Cafe Owner's Memory Deserves Better; Back Page Spoke the Truth; Marsalis Misses the Point; Heroes Are Not Forgotten 


Cafe Owner's Memory Deserves Better

I was very disappointed with your flippant remarks about Cafe 21 in the Oct. 30 Tastemakers. My late sister Carol was a founder and longtime owner of Cafe 21 as a neighborhood watering hole with vending games when that was a fine thing to be. "Ms. Cafe" never pretended her business to be anything else.

Her news obituary of June 2000 highlighted her strong work ethic at the cafe, as well as her many good deeds on behalf of loyal customers. Even now, members of my family meet people who knew Carol through the cafe and have kind things to say about her. "Delinquent requiem," indeed.

Rather than incorporating a cowardly attack on a deceased person's career in your introduction to Cafe Diem, you should be applauding Mr. Arthur for his efforts at that venerable spot.

Perhaps a more uplifting take on this transition is suggested by a quotation from Lord Tennyson's "Idylls of the King" that happens to have been printed on the last page of Carol's 1963 "Monticello," Thomas Jefferson High School's yearbook: "The old order changeth, yielding place to new … and the new sun rose bringing the new year." - David S. Feibish

I take exception to the negative comments about Cafe 21. Cafe 21 was frequented by many regulars including rednecks, pool players, professionals, students, etc., who will never forget it. The former owner, Carol Taylor, will never be forgotten. She owned and managed Cafe 21 with grace, style and class — which is obviously lacking from the writer of this article. Carol Taylor was a lovely person who cared about her customers regardless of their social status. - Tracy H. Jacob

Back Page Spoke the Truth

"Islam's Shadow" by Esther Nelson was the finest Back Page I have read. Fundamentalists — Muslim or Christian — who carry out suicide missions or bomb abortion clinics don't just believe in God. They think they are God. - Juanita B. White

Marsalis Misses the Point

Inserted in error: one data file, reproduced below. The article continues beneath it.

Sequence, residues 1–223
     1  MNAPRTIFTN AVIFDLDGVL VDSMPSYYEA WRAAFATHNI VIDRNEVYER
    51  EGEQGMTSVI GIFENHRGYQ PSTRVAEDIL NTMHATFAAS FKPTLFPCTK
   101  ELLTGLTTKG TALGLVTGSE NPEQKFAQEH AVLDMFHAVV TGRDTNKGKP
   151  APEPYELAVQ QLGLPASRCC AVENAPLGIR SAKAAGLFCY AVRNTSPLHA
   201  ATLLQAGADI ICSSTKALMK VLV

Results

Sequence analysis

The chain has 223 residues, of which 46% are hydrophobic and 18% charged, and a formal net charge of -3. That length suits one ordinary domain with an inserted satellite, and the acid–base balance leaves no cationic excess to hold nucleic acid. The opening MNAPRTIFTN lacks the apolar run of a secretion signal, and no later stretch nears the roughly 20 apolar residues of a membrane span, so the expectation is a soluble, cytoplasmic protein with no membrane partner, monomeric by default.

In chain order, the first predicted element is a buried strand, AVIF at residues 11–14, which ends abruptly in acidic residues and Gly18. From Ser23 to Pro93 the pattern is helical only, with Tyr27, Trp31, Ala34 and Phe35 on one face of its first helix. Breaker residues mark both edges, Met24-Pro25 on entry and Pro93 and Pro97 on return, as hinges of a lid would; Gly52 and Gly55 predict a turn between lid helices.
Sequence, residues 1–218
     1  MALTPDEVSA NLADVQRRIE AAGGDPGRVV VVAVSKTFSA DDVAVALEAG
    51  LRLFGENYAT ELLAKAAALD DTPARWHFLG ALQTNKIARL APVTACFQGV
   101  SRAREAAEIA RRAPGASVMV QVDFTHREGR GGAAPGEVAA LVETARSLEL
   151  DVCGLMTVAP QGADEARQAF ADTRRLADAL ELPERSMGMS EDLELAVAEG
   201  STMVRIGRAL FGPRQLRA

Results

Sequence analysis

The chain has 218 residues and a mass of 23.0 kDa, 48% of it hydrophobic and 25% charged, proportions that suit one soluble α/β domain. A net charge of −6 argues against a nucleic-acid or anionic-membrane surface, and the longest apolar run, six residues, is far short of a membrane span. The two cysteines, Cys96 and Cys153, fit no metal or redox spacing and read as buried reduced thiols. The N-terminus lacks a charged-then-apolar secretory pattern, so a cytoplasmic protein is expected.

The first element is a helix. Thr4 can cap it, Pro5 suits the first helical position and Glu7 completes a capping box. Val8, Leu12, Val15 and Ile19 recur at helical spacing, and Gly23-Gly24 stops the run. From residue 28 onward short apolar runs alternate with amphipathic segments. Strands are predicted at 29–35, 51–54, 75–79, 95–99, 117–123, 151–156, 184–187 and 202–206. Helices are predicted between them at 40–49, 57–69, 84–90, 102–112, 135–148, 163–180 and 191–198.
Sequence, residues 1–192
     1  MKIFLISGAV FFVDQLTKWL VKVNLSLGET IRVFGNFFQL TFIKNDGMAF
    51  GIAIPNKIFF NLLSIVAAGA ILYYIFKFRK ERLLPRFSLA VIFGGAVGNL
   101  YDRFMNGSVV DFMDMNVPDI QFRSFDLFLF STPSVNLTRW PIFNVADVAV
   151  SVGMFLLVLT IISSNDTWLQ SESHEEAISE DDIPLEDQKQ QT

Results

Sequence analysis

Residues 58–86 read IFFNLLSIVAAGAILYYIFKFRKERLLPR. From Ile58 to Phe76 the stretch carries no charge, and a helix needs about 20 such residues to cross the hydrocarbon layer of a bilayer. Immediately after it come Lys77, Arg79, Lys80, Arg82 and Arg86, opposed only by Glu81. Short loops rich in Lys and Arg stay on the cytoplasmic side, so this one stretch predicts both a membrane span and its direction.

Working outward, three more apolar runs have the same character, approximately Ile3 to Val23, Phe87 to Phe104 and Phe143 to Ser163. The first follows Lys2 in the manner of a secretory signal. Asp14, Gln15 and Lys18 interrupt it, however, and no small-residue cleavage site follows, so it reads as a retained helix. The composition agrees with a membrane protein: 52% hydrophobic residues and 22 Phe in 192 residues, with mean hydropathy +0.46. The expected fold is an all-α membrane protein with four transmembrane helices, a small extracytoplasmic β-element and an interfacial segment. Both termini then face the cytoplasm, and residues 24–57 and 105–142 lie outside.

Wynton Marsalis is without a doubt one of the most talented musicians and a very keen historian on jazz history ("Lead Trumpet," Arts & Culture, Oct. 30). But unfortunately, his views concerning the jazz period dating from the mid-'60s to the '70s fusion period are way off the mark.

Everyone is welcome to have an opinion; the problem with Wynton's opinion is that with his influence on students and the industry, his words are usually held up as gospel. How can any musician in his right mind dismiss the creative influence of an Ornette Coleman or put down the music of the Art Ensemble of Chicago or the late period of John Coltrane?

Wynton is very talented and makes a lot of money for Lincoln Center and Sony, but as far as the avant-garde is concerned he comes across as more of a '40s revivalist than someone who is supposedly taking jazz into the 21st century. - D. Lynn Davenport

Heroes Are Not Forgotten

I found "Remembering Heroes" (Nov. 6) interesting and wanted to provide you with additional information regarding the location of Richmond's war memorials.

When Richmond Memorial Hospital relocated, the Memorial Plaques found a new home at Bon Secours Memorial Regional Medical Center in Hanover. These unique Swedish marble tablets stand proudly in the beautiful Memorial Courtyard as a monument to the 984 sons and daughters from the Richmond area who gave their lives during the Second World War. The plaques were relocated through a generous donation from the Richmond Memorial Foundation. Often visitors can be seen viewing the names of loved ones, neighbors and friends. The courtyard includes memorials to honor those who died in the Korean and Vietnam wars.

Our chapel, located within the courtyard, also prominently displays a Book of Memory. The pages of this book are hand-lettered with names of those who died in World War II. Each day, two volunteers ceremoniously turn a page of the Book to pay special tribute to those people whose names are recorded on the page. The monuments are a living reminder to revere the memory of all those who died that freedom might live. - Sister Marie Kerns, RSM, Chaplain

Editor's Note: The Book of Memory was featured in Style's Sept. 24 Word & Image feature.

Thanks for the Pagan News

A friend gave me the article "Charmed Life" (Oct. 30). Thank you so much for doing the article! It's refreshing to see something like this in a paper as well read as Style Weekly.

Becky Jackson

Editor's Note: The pagan shop described in the article, The World Tree, is at 606 N. Sheppard St.


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